Among first-tier cities, panel A shows that the nominal housing price index had an average annual return of 21% from January 2003 to December 2007. Housing prices dropped in 2008. After January 2009, the housing price index continued to rise, and on average had another staggering average annual return of 17.7% from January 2009 to March 2013. Over the whole 10-year period from January 2003 to March 2013, the housing price index for the first-tier cities had an average return of 15.9%!

Panel A also reports the nominal growth of two measures of “purchasing power”: per capita GRP and disposable income. Both measures have increased significantly in the decade, on average by 9.4% and 9.3% from January 2003 to March 2013. But the housing price appreciation in first-tier cities was nearly twice the magnitudes of the increases in the two measures of purchasing power.

In real values, panel B shows that the housing return for first-tier cities averaged 13.1% per annum, and the two measures of purchasing power grew on average by 6.7% and 6.6% per year.

B. Second- and Third-Tier Cities

Due to the large number of cities in second and third tiers, we cannot separately plot the housing price index for each city. Instead, we depict the price index for each of the tiers, together with measures of purchasing power in figure 6.

Fig. 6.
Fig. 6.

Housing price indices for second- and third-tier cities

Note: This figure depicts the monthly housing price indices in two separate panels for second- and third-tier cities, together with two measures of households’ purchasing power: per capita GRP and disposable income (urban). Per capita GRP measures the per capita value of output in the whole city and per capita disposable income (urban) measures the per capita income received by urban residents of the city.

In panel A of figure 6, the housing price appreciation in second-tier cities is substantial, though not as breathtaking as that in the first-tier cities. Overall, the price index rose from the base of 1 in January 2003 to 3.92 in March 2013. The price fluctuations are also more modest compared to those experienced in the individual first-tier cities, though part of the moderation in price fluctuation is the result of averaging over 31 second-tier cities.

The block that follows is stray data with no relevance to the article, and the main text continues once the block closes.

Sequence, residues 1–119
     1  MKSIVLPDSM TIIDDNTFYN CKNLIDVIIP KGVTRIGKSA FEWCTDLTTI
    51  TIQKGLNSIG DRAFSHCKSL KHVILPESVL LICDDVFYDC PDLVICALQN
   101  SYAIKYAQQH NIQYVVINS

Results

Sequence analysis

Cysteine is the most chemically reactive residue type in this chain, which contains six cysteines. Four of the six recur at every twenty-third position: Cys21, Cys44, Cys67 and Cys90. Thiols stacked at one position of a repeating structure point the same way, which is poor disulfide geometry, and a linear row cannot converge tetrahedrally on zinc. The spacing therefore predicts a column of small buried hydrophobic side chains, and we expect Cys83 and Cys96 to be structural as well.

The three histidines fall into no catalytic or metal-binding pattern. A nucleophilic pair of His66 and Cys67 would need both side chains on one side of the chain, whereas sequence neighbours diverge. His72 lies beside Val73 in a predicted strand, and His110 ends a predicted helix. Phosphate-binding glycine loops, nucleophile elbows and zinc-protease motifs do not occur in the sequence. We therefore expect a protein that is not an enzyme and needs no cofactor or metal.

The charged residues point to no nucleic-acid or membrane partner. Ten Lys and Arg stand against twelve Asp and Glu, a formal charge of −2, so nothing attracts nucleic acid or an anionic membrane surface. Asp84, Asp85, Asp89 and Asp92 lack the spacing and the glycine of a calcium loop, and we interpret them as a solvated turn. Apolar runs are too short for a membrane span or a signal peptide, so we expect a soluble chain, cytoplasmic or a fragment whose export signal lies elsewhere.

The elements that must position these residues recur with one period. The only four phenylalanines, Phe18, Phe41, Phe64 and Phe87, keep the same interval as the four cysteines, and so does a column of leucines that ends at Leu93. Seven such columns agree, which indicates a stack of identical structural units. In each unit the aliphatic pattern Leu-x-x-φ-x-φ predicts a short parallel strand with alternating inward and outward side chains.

A housing price appreciation of 292% in 10 years is remarkable by any standard. It is larger than the magnitude of housing price appreciation during the US housing bubble in the first decade of the twenty-first century, and is comparable to the price appreciation during the Japanese housing bubble in 1980s. However, what is more surprising in panel A is that the housing price appreciation in second-tier cities is very much in accordance to the growth in measures of purchasing power. To the extent we believe that income growth, or growth in GRP, represents fundamental demand of households for housing, the housing price appreciation in the second-tier cities, though enormous, nonetheless does not appear to have significantly deviated from the increases in households’ purchasing power.

Table 1 reports summary statistics for the 31 second-tier cities in our sample. During the decade from 2003 to 2013, the second-tier cities witnessed an average annual housing return of 13.2% in nominal values and 10.5% in real values. In the same decade, per capita GRP had an average annual growth rate of 13.4% in nominal values, fully comparable to the housing return. The average annual growth rate of per capita disposable income for urban residents was 11.7% in nominal values, which was only slightly smaller than the housing return.

In nominal values, housing prices in the second-tier cities grew on average by 16.8% per year from January 2003 to December 2007, while the increase was 11.6% from January 2009 to March 2013. The increases in housing prices in these two subperiods are again commensurate with the corresponding increases in purchasing power, measured by either per capita GRP or disposable income.

There are substantial variations among the cities. Figure 7 depicts the logarithmic nominal housing price appreciation for each city in our sample from January 2003 to March 2013, that is, ln(P2013 / P2003). Panel A collects all cities in the first and second tiers and panel B collects cities in the third tier. We choose logarithmic price appreciation so that we can further break down the price appreciation of each city into two parts, one in 2003–2007 and the other in 2008–2013. Among the firstand second-tier cities, Beijing had the largest price appreciation in 2003–2013, followed by Wenzhou (a coastal city of Zhejiang Province known for its vibrant manufacturing sector) and Nanjing (the capital city of Jiangsu Province). Yinchuan (the capital city of Ningxia Province in northwestern China) had the lowest price appreciation that nevertheless amounted to over 120% during this period, which came mostly from the second half of the period.

Fig. 7. Fig. 7.
Fig. 7.

Housing price appreciation in individual cities